If I could dispel any food myth, it would be that cooking fish is more finicky than cooking chicken breast or steak. I think fish tends to get a bad rep as being ‘bland’ or difficult to properly cook, and much of that most certainly has to do with the often poor selection of fish at regular grocery stores. Can you relate to buying fish from the store and it smelling — well, fishy!
Fresh fish really shouldn’t.
It should smell like the salty water it came from. My way around this is to first and foremost to always tell the manager of your local fish department if this happens they are aware of the issue. Forming a relationship with your fishmonger is not only a great way to ensure you’ll get the best service, but also a great way to learn about new ways to prepare seafood.
In my home kitchen, I like preparing a whole fish every once and a while. It may seem daunting if you’ve never tried making this at home before, but I assure you, it’s a completely doable task, even on a busy weeknight. When buying a whole fish, make sure the fish doesn’t have cloudy eyes (that’s the first sign that it isn’t fresh) — its eyes should be clear. The flesh of the fish should look healthy and plump and the fish should smell like the ocean. If you have a little bit of a trek to make with your fish before taking it home, make sure you ask for a bag of ice so the fish stays nice and cool. You can also ask your fishmonger to scale and gut the fish — it saves on prep time and means the fish is ready to go. I like to simply bake a whole fish in the oven with a few simple herbs and lemon — and in this case deliciously sweet roasted tomatoes!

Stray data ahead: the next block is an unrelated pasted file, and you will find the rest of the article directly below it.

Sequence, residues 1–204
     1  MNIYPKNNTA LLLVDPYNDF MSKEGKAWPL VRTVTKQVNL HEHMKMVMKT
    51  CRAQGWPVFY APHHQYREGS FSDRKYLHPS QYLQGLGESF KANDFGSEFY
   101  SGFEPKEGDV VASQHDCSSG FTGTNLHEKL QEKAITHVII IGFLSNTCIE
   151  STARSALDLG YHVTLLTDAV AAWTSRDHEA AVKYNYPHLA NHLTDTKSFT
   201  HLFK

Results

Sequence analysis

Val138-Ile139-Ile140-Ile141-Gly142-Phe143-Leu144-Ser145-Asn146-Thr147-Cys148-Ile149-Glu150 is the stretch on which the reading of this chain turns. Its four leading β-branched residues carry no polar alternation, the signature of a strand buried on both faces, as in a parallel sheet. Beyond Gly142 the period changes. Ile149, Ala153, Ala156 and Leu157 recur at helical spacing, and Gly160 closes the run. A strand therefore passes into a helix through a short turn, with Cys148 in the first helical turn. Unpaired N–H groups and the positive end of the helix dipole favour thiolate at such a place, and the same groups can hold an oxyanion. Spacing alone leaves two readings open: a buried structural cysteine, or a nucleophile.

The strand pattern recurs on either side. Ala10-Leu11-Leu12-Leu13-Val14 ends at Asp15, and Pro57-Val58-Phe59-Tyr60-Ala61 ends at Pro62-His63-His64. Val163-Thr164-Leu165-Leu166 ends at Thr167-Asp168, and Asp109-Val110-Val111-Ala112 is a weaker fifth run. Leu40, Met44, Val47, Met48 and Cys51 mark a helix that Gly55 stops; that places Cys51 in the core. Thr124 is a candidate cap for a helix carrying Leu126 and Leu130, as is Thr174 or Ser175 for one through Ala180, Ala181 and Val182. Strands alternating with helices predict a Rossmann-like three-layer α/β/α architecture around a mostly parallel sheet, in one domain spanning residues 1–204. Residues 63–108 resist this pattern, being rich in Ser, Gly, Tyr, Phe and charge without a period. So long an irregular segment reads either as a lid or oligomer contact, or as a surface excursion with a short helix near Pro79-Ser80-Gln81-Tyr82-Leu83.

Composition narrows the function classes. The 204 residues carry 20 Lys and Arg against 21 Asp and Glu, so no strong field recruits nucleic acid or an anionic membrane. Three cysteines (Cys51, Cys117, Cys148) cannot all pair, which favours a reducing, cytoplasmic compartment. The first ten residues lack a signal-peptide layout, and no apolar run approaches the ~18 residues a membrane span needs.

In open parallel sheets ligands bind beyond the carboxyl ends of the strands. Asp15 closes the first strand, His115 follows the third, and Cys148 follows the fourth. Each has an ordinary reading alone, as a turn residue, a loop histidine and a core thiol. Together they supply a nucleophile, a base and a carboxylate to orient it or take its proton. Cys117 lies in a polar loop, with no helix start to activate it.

You’ll know the fish is ready when it falls off the bone, or, in other words, when it’s easy to remove the spine. If the bones are sticking to the flesh, the fish needs a few more minutes in the oven, Once you do this a couple times, you’ll quickly get used to the process and be able to tell if the fish is ready. Like so many things in cooking, practice really does make perfect. When the fish is cooked though, you can really easily peel off the skin (with a small pairing knife or by simply pulling it off). With the fish on its side, you can then slice along the backbone with a sharp fileting knife to free the fillet. Once the backbone is removed, the second fillet will almost come off on its own.
These roasted tomatoes might be the star of the show though — as they bake, they become incredibly sweet and plump — a real treat, especially when topped with a little fleur de sel. I serve the dish with crisp green beans with a drizzle of olive oil, but a simple salad would be lovely as well.
Whole Branzino with Roasted Tomatoes
1 1/2 lb whole branzino, gutted and scaled
1 lemon, sliced
About a dozen cherry tomatoes, on the vine
2 clove of garlic, peeled and halved
6 sprigs of thyme
Salt and freshly ground black pepper
Bake in 400°F oven until fish is cooked through and easily detaches from bone, about 25 minutes. Discard thyme sprigs and garlic. Bake the tomatoes for another 10 minutes, or until they starts blistering. Serve with fish, a drizzle of extra virgin olive oil and extra lemon wedges. Enjoy!
Enjoy the read!